Deep Links is a collaborative project between Plymouth University’s Deep Sea CRU and the University of Oxford, in partnership with the Joint Nature Conservation Committee (JNCC) and the British Geological Survey (BGS), funded by the Natural Environment Research Council (NERC). During this project, we will investigate how patterns of population connectivity vary with depth in the deep sea, and how this influences species diversity.
Species populations are connected to each other through both movement of adults (migration) and the movement of eggs, larvae, and juveniles (dispersal). If populations become isolated from one another (i.e. are no longer connected), then through genetic mutation, drift and natural selection, they may become so different that they evolve into new biological species (speciation). Understanding how populations become isolated is critical to understanding the process of speciation. In the marine environment, many species do not move as adults (e.g. corals) or move very slowly (sea urchins). This means that for different adult populations to remain connected they rely on dispersal of early life history stages. Most marine species have a larval stage that lives in the water column for a period of time, moving with the currents, before settling in a new area. It is larval dispersal that keeps distant populations connected. So understanding patterns of larval dispersal is important for understanding connectivity.
In the deep sea (below 200 m), the bathyal region of the continental slope has been identified as supporting high numbers of species and being an area where the rate of origination of new species may also be high. The reasons for this are not clear, but given the importance of connectivity to population isolation and speciation, it follows that the key to understanding patterns of species diversity in this region lies in understanding connectivity. New research has suggested that because the speed of the currents that carry larvae decreases as you go deeper, larvae might not be able to travel as far, leading to a greater tendency for populations at bathyal depths to become isolated over a given distance, and thus increasing the chances of speciation.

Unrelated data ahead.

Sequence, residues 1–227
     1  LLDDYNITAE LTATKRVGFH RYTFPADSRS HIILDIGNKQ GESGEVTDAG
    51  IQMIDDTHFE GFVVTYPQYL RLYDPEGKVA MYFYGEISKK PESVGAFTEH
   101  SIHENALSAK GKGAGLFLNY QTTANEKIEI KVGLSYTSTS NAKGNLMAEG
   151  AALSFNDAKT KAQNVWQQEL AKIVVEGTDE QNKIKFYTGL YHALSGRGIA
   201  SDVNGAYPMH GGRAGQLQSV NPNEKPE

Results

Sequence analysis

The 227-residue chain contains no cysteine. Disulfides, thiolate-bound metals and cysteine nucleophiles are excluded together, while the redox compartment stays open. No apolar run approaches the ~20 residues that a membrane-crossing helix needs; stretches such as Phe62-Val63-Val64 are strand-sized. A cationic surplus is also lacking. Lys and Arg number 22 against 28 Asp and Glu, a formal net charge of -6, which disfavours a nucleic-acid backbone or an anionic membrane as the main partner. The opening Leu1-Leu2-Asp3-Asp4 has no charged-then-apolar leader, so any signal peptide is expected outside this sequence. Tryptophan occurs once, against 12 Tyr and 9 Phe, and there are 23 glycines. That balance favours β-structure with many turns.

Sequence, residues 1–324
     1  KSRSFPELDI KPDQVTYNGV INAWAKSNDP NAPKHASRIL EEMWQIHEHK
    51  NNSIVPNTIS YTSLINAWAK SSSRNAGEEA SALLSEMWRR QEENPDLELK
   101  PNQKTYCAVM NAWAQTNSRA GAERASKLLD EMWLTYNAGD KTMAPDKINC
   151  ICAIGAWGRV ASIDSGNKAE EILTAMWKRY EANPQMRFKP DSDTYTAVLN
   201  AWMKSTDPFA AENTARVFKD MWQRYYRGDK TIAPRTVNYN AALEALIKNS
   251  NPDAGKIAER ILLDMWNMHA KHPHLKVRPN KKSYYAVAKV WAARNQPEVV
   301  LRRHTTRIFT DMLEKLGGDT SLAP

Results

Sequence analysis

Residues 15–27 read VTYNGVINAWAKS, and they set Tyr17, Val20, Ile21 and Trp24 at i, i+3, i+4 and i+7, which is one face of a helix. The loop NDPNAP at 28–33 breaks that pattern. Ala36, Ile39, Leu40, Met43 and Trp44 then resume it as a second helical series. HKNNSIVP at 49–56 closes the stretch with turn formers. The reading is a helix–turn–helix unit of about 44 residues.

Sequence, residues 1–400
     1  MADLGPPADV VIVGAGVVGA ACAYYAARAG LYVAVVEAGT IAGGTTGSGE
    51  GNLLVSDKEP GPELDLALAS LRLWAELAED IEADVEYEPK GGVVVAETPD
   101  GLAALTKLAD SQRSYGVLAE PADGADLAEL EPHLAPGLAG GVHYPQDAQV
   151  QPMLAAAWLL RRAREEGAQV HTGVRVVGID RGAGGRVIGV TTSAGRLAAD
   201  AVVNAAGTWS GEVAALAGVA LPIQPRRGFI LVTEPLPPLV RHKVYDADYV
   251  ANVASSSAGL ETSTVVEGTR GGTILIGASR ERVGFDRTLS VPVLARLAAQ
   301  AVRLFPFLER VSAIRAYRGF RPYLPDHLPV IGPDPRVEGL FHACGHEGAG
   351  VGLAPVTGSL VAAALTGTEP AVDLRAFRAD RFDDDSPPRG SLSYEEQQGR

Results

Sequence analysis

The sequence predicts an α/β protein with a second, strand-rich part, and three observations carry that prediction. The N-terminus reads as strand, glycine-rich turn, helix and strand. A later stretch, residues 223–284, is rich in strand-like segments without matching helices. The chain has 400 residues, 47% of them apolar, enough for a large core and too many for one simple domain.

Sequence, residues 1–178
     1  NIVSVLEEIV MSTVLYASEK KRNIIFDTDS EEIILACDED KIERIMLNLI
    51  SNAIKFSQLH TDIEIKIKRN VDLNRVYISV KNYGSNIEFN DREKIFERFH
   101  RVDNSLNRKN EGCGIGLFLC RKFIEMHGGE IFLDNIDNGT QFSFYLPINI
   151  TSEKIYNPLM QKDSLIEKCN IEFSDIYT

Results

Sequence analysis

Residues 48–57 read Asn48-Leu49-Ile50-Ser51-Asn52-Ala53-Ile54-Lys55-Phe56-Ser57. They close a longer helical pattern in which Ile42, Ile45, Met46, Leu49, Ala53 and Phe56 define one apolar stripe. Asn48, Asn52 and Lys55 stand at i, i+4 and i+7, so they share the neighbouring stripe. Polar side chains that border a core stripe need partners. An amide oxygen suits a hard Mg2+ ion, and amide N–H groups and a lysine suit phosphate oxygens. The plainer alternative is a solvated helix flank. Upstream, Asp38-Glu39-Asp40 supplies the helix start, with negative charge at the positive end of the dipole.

This study aims to test this theory by investigating how patterns of connectivity vary with depth. More details on our research plan can be found here.
Our research has important implications for the sustainable management of the marine environment. Humans are increasingly relying on the marine environment to supply food, building materials, fuel, and to soak up carbon, slowing the progress of human-induced climate change. However, our increasing use of this environment is starting to affect its ‘normal’ functioning, affecting the processes that allow it to provide us with food, fuel, etc. To try to help protect and sustain these ‘ecosystem functions’, Governments all over the world are setting up networks of Marine Protected Areas (MPAs) to protect against serious ecosystem disturbance and cascade effects resulting from overexploitation, which ultimately impair ecosystem function. There are many questions to be answered when trying to set up an MPA network, but one important question is where to put them to make sure that the populations that live within them are not isolated from each other but are connected. This research will help answer this question in the deep sea, and thus, help managers, governments and society ensure the long-term health of the ocean.